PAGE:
Cover image for The family
Title:
The family
Author:
Puzo, Mario, 1920-1999.
Personal Author:
Edition:
Abridged.
Publication Information:
[United States] : Harper Audio, [2001]

℗2001
Physical Description:
5 audio discs (6 hrs.) : digital ; 4 3/4 in.
General Note:
Compact disc.
Language:
English
Personal Subject:
Subject Term:
Added Author:
ISBN:
9780694526437
Format :
Audiobook on CD

Available:*

Library
Call Number
Material Type
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Williamsville Library X Adult Audiobook on CD Audiobooks
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Clarence Library X Adult Audiobook on CD Audiobooks
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Frank E. Merriweather Library X Adult Audiobook on CD Audiobooks
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Grand Island Library X Adult Audiobook on CD Audiobooks
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Summary

Summary

A landmark event--the creator of The Godfather tells the epic story of Italy's first great power family--the Borgias of 15th century Rome. Abridged. 5 CDs.


Summary

Mario Puzo knows what power can do to a family. In this saga, he presents the greatest power family in Italian history: the Borgias. Even after six centuries, the family's name is synonymous with lust, extravagance, and murderous rage. This is their incredible story, marking the triumphant conclusion of one of the greatest storytelling careers of our time.


Author Notes

Mario Puzo, best known as the author of The Godfather, was born on October 15, 1920 in the Hell's Kitchen area of New York City. He served in the U. S. Army during World War II, and when he returned attended New York's School for Social Research and Columbia University.

He wrote pulp stories and edited Male magazine before publishing his first novel, The Dark Arena (1955). His works were well-received critically, but failed to generate much revenue until he published his most notable work, The Godfather, which was ultimately made into a trilogy of award-winning movies. Puzo continued writing novels, and his final work, Omerta, was finished not long before his death. He won the Academy Award for Best Adapted Screenplay in both 1972, and 1974.

Puzo died on July 2, 1999 in Bay Shore, Long Island. (Bowker Author Biography)


Reviews 3

Publisher's Weekly Review

Before his death in 2001, Puzo (The Last Don) had begun work on a novel featuring the 15th-century Borgias, whom he regarded as "the original crime family." There are obvious parallels between the Borgias and the Corleone clan immortalized in The Godfather, but the resemblances are mostly superficial, at least as they are presented in this limp historical romance. The story opens with Cardinal Rodrigo Borgia manipulating papal elections in 1492 to become the new Pope Alexander. Determined to establish a family dynasty, he appoints his son Cesare cardinal in his stead and, after a strategically engineered episode of incest between siblings Cesare and Lucrezia, begins ruthlessly eliminating rivals and marrying his children into alliances with the offspring of noble families of France and Spain. But Cesare would rather be a soldier, and Lucrezia would rather marry for love; these conflicted desires contribute as much as risky political power plays to undoing the Borgias in a single generation. Though Gino (Puzo's companion, author of Then an Angel Came) is credited for the posthumous completion, Puzo's true collaborator is history, and it proves a difficult partner. Obligated not to deviate from known facts, the narrative whizzes methodically through highlights of the Renaissance, embellishing events with snatches of imagined dialogue, purple prose ("For love can steal free will using no weapons but itself") and cameos by Machiavelli, Michelangelo and da Vinci. Overwhelmed by the vast pageant of events, the characters never achieve dramatic stature. Puzo's diehard fans will surely put the novel on their summer hit list, but they may feel, in Sonny Corleone's words, that "this isn't personal, it's business." Major ad/promo; simultaneous HarperAudio and Large Print edition.(c) Copyright PWxyz, LLC. All rights reserved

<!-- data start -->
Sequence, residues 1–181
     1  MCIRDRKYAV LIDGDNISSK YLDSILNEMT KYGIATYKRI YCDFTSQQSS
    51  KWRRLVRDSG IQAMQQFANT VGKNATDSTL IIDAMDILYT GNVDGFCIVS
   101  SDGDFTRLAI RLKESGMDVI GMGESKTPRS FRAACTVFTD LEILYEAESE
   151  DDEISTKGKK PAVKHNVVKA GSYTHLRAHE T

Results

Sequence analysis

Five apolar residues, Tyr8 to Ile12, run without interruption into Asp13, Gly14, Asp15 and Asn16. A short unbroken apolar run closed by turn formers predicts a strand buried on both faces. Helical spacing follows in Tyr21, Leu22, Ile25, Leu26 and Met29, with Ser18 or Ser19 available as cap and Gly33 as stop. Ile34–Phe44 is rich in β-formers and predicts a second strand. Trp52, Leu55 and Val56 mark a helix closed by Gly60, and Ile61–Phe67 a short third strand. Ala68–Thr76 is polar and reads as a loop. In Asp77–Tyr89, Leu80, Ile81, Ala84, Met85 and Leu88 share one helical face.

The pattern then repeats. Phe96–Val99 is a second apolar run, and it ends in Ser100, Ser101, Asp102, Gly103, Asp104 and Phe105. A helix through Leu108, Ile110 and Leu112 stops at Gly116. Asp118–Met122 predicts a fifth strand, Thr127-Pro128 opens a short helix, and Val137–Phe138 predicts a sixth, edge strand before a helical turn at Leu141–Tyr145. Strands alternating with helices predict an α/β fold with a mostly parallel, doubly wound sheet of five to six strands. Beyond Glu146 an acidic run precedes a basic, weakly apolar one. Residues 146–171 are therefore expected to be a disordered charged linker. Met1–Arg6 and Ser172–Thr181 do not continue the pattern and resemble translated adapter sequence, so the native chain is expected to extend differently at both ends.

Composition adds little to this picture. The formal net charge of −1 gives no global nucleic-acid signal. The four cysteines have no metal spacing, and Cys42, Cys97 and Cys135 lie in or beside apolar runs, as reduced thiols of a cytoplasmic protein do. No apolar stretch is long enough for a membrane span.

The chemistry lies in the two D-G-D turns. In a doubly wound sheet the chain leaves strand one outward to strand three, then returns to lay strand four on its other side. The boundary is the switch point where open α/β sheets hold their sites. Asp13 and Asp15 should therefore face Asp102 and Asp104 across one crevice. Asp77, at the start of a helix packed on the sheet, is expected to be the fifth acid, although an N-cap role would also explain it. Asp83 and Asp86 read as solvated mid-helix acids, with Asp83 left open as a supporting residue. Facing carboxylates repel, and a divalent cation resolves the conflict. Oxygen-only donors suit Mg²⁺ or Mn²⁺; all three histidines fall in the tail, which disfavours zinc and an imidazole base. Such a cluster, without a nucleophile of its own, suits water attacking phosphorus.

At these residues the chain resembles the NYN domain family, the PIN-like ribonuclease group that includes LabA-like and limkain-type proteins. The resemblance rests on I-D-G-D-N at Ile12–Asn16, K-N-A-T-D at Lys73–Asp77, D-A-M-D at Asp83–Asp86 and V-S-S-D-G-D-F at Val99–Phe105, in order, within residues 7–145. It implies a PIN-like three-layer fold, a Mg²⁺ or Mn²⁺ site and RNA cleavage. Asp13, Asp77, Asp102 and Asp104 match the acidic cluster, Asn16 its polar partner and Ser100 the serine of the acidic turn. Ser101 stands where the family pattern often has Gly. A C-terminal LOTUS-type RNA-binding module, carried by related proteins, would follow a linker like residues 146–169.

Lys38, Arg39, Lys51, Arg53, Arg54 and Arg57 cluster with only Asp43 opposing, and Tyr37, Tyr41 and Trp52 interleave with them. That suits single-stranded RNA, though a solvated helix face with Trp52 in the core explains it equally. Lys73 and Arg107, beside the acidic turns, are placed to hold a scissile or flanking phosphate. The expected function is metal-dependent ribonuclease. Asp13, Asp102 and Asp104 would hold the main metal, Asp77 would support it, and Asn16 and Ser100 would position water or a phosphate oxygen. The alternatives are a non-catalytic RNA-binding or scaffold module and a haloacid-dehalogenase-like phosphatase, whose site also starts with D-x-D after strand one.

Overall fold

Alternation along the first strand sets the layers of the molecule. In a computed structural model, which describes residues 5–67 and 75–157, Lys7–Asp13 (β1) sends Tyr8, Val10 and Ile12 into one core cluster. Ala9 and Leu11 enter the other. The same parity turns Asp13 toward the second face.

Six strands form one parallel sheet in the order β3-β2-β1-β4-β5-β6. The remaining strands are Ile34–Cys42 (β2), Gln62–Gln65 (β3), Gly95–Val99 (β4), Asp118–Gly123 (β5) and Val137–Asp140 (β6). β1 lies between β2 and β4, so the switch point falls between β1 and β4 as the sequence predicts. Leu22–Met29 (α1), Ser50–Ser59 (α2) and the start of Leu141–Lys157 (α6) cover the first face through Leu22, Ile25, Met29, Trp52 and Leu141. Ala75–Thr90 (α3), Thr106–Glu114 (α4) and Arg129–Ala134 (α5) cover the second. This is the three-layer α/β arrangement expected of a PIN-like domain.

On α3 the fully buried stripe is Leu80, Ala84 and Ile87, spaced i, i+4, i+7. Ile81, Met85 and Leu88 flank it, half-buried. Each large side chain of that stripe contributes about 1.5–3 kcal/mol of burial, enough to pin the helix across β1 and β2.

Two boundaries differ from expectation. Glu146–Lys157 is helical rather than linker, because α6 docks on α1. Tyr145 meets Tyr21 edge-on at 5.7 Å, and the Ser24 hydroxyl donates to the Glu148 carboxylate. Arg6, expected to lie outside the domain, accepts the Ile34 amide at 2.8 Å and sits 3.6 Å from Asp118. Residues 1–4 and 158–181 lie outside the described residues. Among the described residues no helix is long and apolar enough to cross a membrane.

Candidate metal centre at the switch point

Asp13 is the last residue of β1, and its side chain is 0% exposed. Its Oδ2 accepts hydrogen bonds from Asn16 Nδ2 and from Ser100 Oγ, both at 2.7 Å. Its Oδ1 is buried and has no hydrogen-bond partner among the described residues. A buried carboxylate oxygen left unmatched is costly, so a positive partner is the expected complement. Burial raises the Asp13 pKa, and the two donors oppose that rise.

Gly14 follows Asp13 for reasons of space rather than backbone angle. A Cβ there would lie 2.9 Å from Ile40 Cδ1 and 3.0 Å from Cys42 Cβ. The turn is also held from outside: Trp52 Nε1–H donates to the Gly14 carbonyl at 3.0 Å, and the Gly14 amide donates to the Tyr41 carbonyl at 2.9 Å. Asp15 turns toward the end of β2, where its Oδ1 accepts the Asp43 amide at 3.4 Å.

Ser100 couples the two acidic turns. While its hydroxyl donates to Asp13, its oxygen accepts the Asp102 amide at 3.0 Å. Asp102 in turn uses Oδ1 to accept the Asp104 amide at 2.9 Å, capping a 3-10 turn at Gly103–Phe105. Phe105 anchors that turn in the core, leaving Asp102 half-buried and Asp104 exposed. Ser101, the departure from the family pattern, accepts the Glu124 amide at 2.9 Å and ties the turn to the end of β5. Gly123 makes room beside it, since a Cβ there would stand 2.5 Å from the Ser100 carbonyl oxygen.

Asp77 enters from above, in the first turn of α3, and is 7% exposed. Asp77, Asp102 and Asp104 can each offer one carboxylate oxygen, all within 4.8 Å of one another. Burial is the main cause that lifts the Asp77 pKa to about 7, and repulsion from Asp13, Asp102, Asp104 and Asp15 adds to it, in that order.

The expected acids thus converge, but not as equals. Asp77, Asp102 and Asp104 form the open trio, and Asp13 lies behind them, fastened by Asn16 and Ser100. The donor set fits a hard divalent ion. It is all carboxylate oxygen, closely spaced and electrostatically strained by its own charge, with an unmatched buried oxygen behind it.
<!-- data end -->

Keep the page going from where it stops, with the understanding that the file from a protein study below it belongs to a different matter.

Booklist Review

When Mario Puzo died in 1999, he had spent 15 years or so, on and off, working on this novel about the Borgias: Rodrigo, who became Pope Alexander VI, and his famously villainous offspring, Cesare and Lucrezia. Puzo put a lot of work into the story, and it shows: this posthumously published tale is one of his most satisfying novels in a long, long time, far superior to most of his recent work. The saga is lush, full of detail, with characters who manage to be larger than life while seeming entirely realistic. The dialogue is slightly ornamented but never clumsy, and the plot is appropriately epic in scope, mixing fact and fiction seamlessly. Families, of course, were Puzo's signature theme, and in the fifteenth-century Vatican he finds a family as complex and multitextured as the Corleones. The book was completed by Puzo's companion, novelist Carol Gino, but its tone is pure Puzo, start to finish. A thoroughly entertaining posthumous present from one of the masters of popular fiction. --David Pitt


Library Journal Review

Much will probably be made of this last novel by the celebrated author of The Godfather and a slew of other gangster novels. After Puzo's death in 2001, this historical fiction was completed by Carol Gino, his companion. The subject is the misunderstood family Borgia, who were sometimes malevolent, always maligned, and mostly political part Clintons, part Kennedys, part Sopranos. Spaniard Rodrigo Borgia becomes Pope Alexander VI and moves into the Vatican with his mistresses and children. Alexander deeply loves yet still controls his offspring, including the ambitious and handsome warrior Cesare, who wants to shed his cardinal robes to lead the papal army in conquest of central Italy; the sweet but flawed Lucretia, whose incestuous relationship with Cesare raises eyebrows; and lusty Juan, who carries on with the wife of little brother Jofre, who in turn becomes murderously jealous. Most of the melodramatic murder and mayhem comes straight out of the history books, but the characters lack depth, with their motivations only mildly explored. This late 15th-century family's story is more soap opera than serious treatment of the troubled dynasty that influenced the Renaissance. [Previewed in Prepub Alert, LJ 6/15/01.] David Nudo, formerly with "Library Journal"(c) Copyright 2010. Library Journals LLC, a wholly owned subsidiary of Media Source, Inc. No redistribution permitted.